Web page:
NEW ORLEANS, LA, UNITED STATES
NEW ORLEANS – Once a year, Reserve Marines from across the country are sent to America’s deserts and mountains to train and remain ever-ready for deployment to the barren lands of countries overseas.
Every summer since 2009, the Javelin Thrust exercise brings together more than 5,000 Marines, sailors, and National Guardsmen over dispersed training areas in Hawthorne, Nev., Bridgeport, Calif., and Yuma, Ariz.
This year reserve ground, air, and logistics units combined under the command of the active-duty 1st Marine Expeditionary Brigade for the first time; making the operational force a middleweight contender against its invisible foe.
“We’re not tied to a standard organization or have to force things into a mission or deployment that have no role. We only take those things we need and leave what we don’t need behind,” said Maj. Gen. Melvin Spiese, commanding general of the 1st MEB.
One thing that was brought to the exercise was necessary training that many Reserve Marines do not have the ability to complete while drilling at their home units. Weapons-training, combat life-saving courses and anti-improvised explosive device training rank among these as well as problems that can only be solved by seeing them “in the field.”
The exercise provided real-world training and allowed Marines to train at the brigade-level, as a middleweight force.
“I think what we’re able to do is buy time and space for higher-level decision makers. We can move quickly,” said Spiese. “We can start getting forces in a position to either be a presence or start being engaged in a particular crisis. We can hold until bigger decisions are made, and larger forces have to move in.”
Another challenge Marines at Javelin Thrust experienced was buying that time in an environment that reflects real-world operational environments. Marines train at the Mountain Warfare Training Center in Bridgeport, Calif. learning everything from mountain terrain cover and concealment to how to load a donkey for carrying military equipment in harsh summit conditions.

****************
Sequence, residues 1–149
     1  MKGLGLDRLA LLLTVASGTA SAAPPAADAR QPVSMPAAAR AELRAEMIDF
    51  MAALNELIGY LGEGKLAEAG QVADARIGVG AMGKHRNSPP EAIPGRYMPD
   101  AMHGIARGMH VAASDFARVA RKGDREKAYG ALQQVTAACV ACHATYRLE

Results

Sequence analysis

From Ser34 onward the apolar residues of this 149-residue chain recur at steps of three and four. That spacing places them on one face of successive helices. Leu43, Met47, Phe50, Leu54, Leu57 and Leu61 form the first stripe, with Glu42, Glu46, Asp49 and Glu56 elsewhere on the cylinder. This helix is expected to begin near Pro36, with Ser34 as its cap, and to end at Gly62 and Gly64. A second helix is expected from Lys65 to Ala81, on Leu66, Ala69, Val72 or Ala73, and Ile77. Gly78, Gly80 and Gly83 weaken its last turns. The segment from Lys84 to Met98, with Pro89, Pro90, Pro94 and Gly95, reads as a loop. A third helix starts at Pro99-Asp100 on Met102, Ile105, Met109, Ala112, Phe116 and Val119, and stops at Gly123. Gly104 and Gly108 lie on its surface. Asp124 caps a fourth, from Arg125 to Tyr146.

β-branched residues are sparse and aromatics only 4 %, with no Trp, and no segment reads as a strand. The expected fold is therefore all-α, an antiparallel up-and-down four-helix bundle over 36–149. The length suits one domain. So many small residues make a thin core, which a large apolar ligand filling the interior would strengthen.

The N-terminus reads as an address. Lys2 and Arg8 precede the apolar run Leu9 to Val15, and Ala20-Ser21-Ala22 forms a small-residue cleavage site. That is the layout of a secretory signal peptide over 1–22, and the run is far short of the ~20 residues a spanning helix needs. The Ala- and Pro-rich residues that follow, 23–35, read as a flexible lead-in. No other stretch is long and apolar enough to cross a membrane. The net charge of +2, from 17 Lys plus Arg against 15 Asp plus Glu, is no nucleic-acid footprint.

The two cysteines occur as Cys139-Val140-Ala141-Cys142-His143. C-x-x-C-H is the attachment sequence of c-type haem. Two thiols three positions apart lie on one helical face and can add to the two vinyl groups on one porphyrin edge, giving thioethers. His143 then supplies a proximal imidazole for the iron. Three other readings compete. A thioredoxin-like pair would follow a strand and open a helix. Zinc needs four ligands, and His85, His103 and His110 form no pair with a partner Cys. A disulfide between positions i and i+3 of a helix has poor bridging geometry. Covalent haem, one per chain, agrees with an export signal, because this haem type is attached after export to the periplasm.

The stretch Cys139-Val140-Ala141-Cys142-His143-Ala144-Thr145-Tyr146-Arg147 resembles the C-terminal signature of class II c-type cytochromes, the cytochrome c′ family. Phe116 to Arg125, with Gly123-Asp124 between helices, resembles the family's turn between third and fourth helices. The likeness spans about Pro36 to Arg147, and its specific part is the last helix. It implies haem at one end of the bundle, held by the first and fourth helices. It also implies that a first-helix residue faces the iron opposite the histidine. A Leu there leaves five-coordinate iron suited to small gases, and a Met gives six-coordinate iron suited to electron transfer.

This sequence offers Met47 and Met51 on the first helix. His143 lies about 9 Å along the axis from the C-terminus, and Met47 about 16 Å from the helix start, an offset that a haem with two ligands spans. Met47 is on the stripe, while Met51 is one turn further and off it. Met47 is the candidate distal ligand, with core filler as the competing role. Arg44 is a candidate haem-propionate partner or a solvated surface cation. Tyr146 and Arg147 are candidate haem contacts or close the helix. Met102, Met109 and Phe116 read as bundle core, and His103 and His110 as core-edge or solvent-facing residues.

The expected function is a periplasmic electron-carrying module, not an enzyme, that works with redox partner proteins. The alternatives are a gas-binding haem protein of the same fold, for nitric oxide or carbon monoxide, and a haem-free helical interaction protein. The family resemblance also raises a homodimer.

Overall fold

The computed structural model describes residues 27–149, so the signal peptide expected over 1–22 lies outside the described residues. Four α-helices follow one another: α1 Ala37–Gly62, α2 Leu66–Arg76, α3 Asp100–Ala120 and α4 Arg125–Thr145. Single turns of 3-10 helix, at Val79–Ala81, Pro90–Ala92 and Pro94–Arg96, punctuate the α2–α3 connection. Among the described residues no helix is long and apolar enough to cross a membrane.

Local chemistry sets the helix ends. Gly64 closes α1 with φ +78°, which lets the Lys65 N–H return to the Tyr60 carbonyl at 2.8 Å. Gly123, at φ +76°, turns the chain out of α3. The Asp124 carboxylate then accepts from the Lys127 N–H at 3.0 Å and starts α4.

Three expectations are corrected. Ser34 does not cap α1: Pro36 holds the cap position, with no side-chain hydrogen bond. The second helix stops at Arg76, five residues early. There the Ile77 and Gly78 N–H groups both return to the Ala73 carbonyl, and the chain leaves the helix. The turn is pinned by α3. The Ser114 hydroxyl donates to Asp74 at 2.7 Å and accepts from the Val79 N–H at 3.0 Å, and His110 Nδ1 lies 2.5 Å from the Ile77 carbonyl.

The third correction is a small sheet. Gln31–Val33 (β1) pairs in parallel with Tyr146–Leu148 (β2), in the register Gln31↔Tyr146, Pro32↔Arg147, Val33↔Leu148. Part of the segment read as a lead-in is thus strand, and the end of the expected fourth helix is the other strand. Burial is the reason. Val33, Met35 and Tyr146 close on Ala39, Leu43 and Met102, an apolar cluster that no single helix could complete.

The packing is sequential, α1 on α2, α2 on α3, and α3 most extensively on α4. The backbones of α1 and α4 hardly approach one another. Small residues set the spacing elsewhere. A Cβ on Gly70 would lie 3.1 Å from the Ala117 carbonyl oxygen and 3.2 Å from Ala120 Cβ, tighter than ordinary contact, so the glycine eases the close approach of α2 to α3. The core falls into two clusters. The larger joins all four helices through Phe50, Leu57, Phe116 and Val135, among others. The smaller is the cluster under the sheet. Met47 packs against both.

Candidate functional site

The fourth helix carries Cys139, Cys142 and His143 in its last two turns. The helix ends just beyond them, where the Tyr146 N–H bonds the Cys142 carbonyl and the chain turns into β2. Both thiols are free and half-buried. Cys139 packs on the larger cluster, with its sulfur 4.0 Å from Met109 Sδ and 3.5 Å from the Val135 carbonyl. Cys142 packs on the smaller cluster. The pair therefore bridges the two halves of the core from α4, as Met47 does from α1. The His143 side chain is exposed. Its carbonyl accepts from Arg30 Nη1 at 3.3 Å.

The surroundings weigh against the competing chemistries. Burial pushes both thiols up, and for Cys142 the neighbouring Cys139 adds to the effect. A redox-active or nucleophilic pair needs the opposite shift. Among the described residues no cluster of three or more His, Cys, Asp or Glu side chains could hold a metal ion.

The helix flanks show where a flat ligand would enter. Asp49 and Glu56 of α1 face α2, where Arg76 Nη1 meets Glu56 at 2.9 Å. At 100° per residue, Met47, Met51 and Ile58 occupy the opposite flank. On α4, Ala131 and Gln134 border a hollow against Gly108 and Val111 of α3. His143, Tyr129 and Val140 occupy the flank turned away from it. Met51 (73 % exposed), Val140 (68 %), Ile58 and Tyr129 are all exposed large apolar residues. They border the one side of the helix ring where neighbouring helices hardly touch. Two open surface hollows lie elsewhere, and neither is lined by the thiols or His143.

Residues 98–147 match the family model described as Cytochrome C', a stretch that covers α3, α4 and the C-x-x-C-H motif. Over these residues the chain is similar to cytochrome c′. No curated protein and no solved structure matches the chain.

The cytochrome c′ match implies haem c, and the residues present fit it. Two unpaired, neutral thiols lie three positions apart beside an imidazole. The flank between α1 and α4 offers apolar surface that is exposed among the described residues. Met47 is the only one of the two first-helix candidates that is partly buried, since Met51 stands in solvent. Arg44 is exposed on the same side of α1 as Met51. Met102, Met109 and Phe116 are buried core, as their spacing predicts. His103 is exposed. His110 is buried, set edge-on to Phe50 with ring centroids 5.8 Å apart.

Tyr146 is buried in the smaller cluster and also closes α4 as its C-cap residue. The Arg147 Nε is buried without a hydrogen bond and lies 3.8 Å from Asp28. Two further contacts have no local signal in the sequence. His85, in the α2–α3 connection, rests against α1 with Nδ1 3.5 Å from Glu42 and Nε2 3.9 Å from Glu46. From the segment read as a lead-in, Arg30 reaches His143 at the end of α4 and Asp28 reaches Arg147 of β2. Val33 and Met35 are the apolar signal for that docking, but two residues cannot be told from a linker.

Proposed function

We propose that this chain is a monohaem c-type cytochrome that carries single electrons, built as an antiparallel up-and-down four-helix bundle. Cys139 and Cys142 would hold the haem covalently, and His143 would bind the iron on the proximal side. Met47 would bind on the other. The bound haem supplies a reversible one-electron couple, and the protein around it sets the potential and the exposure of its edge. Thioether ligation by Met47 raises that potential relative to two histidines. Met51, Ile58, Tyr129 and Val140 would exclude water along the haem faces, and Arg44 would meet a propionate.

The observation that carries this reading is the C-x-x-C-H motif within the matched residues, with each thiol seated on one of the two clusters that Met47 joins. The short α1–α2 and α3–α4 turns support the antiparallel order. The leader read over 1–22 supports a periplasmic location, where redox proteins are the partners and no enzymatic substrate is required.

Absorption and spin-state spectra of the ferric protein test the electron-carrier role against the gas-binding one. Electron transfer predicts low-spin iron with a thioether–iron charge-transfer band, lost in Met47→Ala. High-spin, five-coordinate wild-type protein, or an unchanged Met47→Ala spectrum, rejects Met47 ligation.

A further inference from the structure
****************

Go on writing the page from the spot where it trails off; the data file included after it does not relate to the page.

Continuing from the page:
It is important for all Marines to be prepared for today’s battles, but a new direction for the Marine Reserve means being more ready than ever before.
“Moving forward into the 21st century, Marine Corps reserves is going to be an operational reserve,” said Brig. Gen. James Lariviere, commanding general of 4th Marine Division. “Unlike a strategic reserve or a ready reserve where units train and ready for when the call comes, we anticipate that in the future Marine Corps reserve units will be incorporated into contingency operations and operations around the world on a regular basis. Javelin Thrust accomplishes the goal of allowing us to be ready to integrate with our active duty counterparts to achieve that goal.”
Future integration with active-duty Marines means reserve training at Javelin Thrust is essential for deployment.
As mock battles are won on America’s high deserts and mountains so too will battles be won in every clime and place. As Javelin Thrust has proven each year, Reserve Marines are ready to fight and ready to win.
||NEW ORLEANS, LA, US
This work, Javelin Thrust 2011 comes to another successful close, by Sgt Frans Labranche, identified by DVIDS, is free of known copyright restrictions under U.S. copyright law.